397. Subsections (5)(h) and (6) largely replace and update subsections (4)(d) and (5) of the current section 13 and provide for prescribed persons to be required to supply information to assist in the administration of the scheme. For instance, suppliers may be required to provide information to verify that vouchers have been properly exchanged in accordance with the provisions of the Scheme. Subsection (6) provides for a requirement that information be provided in legible form. Such a provision could, for example, ensure that computerised records are made available in printed form.
398. Subsection (7) provides new powers for the Assembly to prescribe the range of foods to be available under the scheme in relation to beneficiaries in Wales and to prescribe descriptions of the advice that is provided to them. Although the existing scheme is primarily based upon social security benefits, and is therefore reserved, it is recognised that the potential range of foods and nutritional advice are issues which link closely to the devolved health policies of the Assembly. These powers have therefore been transferred to the Assembly, with agreement that the scheme will be uniform across Great Britain at the outset.
399. It has been agreed that powers to prescribe the range of foods and descriptions of advice will also be transferred to Scottish Ministers by means of an order under section 63 of the Scotland Act 1998 after the Bill receives Royal Assent.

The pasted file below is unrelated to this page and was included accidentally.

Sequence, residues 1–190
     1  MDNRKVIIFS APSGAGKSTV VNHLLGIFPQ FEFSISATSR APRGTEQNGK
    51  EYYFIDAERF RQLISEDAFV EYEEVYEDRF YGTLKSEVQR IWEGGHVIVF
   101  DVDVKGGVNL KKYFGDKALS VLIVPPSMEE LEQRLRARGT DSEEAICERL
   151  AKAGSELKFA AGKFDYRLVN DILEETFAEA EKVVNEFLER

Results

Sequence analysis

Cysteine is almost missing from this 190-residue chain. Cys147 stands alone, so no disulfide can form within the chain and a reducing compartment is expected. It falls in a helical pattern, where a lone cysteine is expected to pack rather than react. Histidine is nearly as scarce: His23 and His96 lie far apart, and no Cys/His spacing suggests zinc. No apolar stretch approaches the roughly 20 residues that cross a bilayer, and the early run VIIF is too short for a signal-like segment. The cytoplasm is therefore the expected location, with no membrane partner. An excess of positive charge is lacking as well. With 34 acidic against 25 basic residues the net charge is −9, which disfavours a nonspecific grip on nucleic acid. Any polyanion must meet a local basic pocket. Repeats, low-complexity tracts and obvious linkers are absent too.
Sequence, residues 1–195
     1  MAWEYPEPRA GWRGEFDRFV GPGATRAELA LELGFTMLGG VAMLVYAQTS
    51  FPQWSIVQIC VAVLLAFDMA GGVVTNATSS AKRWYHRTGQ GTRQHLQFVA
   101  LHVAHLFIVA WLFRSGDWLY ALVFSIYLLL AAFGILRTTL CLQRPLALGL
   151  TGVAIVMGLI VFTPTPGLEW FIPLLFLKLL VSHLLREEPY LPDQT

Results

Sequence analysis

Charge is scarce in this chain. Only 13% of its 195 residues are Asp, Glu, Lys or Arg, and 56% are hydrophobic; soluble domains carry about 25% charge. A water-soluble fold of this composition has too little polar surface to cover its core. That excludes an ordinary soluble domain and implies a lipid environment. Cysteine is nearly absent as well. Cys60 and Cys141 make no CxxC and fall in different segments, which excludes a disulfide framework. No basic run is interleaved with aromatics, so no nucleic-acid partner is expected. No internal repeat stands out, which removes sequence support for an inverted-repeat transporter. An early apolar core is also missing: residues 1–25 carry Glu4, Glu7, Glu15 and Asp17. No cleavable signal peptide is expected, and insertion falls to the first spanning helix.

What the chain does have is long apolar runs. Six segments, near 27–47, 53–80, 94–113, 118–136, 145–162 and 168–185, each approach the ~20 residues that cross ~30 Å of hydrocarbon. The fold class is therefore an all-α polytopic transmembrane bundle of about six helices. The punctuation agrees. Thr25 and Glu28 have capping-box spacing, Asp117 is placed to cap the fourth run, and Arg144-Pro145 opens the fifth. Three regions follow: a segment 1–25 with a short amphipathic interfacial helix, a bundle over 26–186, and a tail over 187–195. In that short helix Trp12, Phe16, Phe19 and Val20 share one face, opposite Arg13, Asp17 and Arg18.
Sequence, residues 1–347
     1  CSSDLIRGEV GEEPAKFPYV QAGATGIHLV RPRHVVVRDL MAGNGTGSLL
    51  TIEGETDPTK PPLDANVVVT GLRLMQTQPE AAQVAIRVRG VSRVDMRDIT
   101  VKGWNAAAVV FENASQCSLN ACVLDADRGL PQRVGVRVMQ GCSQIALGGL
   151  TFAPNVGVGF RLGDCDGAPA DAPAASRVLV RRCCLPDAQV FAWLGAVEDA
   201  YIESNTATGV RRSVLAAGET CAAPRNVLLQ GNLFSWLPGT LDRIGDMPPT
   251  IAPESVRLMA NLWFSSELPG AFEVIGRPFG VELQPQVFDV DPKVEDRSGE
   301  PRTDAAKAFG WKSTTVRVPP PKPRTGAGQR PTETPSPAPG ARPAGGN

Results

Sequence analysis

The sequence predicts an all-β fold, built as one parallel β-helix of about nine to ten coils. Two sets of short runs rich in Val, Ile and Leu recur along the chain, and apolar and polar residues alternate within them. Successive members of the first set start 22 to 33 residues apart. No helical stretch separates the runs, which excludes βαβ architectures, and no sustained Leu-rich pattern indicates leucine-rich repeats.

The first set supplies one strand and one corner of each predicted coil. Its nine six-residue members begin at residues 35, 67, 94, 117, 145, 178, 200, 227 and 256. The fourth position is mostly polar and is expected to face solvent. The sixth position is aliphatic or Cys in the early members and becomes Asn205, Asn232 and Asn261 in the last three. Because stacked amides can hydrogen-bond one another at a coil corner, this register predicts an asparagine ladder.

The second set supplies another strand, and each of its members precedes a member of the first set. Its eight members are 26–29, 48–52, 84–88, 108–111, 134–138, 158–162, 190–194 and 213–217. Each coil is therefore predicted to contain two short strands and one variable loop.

400. Subsection (8) provides the power for the Secretary of State to direct a body, such as a health body or contracted service provider, in relation to the operation of the scheme. Subsection (9) provides a power for the Assembly to direct bodies administering the scheme in relation to matters relating to the operation of the scheme (or that part of the scheme) in Wales. The subsection also requires the Assembly to gain the agreement of the Secretary of State to ensure that any proposed changes will not adversely affect the operation of the scheme throughout GB, beyond the boundaries of devolved responsibilities. It is intended that this power will also be transferred to Scottish Ministers by section 63 Order after Royal Assent.
401. Subsection (10) replaces and updates the current power in section 13(4)(e) of the 1988 Act relating to the prosecution of some offences.
402. Subsection (11) contains, among other definitions, a definition of "enactment" which takes account of changes made by the Scotland Act 1988 to the Interpretation Act 1978.
403. The amendment in subsection (2) of the clause to section 15A of the 1988 Act ensures that the Assembly's procedures regarding subordinate legislation are reflected in the primary legislation.